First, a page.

2. Even good quality images can fail to hit the mark if you make bad choices. Try to be consistent with the style of images you choose and avoid the worst of cliches (man writing “teamwork” on a whiteboard, central-casting boss smiling at the camera etc). You can use a tool like Canva to put your own brand treatment on stock images and make them unique to your site;
  3. WordPress and other open-source website platforms have premium themes you can use to change the look and feel of your site. There are drawbacks to using premium themes, but they are often the quickest way to give your site a facelift without stretching to a full rebuild. Sites like themeforest can help you find what you’re looking for.

Look and feel is important, but websites should prioritise two things above everything else: Users and Goals. What value can you offer users and what goals do you want them to complete? A content marketing strategy can help you meet those needs without a new site. Here are a couple of examples:

Hosted Landing Pages: if adding new landing pages to your site is tricky, for whatever reason, putting some pages on a sub-domain (, for example) could be a good solution. These pages will be no good for SEO, but for other acquisition tactics, such as Google AdWords, Facebook ads or email you can offer users a much better experience and dramatically increase your chances of converting them into leads or customers;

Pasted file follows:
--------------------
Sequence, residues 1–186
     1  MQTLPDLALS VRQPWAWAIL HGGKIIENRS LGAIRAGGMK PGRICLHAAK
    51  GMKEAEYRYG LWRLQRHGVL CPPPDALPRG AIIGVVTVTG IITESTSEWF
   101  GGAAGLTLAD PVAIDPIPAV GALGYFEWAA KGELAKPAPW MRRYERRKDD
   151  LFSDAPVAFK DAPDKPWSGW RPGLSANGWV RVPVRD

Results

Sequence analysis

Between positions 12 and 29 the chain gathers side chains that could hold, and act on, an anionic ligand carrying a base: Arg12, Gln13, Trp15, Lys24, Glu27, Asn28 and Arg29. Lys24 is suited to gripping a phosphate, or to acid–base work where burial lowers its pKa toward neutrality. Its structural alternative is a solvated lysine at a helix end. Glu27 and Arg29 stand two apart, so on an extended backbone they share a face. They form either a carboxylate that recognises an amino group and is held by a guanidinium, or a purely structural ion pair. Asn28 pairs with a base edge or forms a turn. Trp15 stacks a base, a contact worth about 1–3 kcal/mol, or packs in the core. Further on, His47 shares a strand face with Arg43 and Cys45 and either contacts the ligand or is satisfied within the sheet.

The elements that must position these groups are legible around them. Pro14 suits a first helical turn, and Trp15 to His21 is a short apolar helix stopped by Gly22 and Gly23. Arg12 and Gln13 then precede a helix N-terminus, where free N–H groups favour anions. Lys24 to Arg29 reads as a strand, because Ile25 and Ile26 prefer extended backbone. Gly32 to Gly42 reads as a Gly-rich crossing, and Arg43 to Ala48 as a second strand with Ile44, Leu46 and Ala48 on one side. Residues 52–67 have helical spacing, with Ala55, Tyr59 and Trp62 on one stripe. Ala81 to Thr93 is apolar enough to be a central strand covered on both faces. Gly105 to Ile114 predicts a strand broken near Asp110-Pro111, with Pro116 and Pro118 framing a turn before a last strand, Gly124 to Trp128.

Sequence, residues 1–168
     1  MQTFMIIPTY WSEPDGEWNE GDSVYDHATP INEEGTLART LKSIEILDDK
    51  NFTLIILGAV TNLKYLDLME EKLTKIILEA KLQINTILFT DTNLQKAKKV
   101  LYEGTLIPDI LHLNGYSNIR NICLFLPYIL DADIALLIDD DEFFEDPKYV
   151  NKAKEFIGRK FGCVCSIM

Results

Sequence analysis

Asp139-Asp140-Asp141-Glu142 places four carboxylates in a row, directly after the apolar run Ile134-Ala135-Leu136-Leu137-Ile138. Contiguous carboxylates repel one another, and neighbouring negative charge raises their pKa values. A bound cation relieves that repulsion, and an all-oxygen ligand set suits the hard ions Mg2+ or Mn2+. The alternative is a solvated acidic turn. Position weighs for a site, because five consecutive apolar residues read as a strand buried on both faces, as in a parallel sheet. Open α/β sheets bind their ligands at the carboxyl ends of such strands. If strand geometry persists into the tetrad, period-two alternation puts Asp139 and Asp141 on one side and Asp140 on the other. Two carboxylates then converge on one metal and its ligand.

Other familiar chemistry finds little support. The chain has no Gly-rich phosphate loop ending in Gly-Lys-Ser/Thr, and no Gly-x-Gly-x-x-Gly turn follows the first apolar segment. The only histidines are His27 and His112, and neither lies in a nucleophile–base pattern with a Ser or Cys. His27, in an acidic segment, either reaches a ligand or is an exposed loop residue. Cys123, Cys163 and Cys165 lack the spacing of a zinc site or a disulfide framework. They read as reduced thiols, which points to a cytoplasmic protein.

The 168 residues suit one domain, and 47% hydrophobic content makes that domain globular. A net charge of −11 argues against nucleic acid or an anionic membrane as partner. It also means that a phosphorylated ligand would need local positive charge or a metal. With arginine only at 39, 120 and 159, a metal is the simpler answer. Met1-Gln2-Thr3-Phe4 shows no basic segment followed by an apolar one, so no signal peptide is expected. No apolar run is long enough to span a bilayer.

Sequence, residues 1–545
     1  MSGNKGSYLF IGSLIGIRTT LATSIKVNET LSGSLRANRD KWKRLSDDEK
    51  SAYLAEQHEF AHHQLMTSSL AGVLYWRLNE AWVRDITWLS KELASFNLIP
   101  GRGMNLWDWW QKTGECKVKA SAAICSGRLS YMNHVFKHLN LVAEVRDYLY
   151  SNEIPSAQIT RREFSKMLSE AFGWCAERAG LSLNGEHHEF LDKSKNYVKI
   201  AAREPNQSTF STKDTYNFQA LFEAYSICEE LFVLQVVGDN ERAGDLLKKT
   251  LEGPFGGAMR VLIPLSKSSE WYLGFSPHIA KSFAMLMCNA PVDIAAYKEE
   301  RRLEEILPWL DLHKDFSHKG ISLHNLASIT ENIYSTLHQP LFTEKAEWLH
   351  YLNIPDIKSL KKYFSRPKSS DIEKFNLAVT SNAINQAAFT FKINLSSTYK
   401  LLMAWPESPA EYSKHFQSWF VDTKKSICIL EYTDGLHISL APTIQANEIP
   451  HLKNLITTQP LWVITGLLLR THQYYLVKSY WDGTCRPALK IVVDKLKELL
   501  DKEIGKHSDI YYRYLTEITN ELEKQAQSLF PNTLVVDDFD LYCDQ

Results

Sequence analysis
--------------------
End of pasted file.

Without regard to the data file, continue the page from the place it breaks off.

Sub-domain Blog: ideally, your blog would always be in a sub-folder rather than on a sub-domain because it’s better for search. But if you have a choice between a terrible blog on a weak domain and a clean, professional, easy-to-navigate blog on a sub-domain you might decide to compromise. If you can’t add landing pages to your site, your blog can do all the heavy-lifting in organic search. Check out the online yoga site Glo, which has 6,000 archived blog posts mining all their long-tail search queries.

When you absolutely do need to rebuild your site

If you have the budget and resources maybe you don’t have to compromise. Rather than making cosmetic tweaks and finding bolt-on content marketing solutions you can bite the bullet and go for a full-scale website rebuild.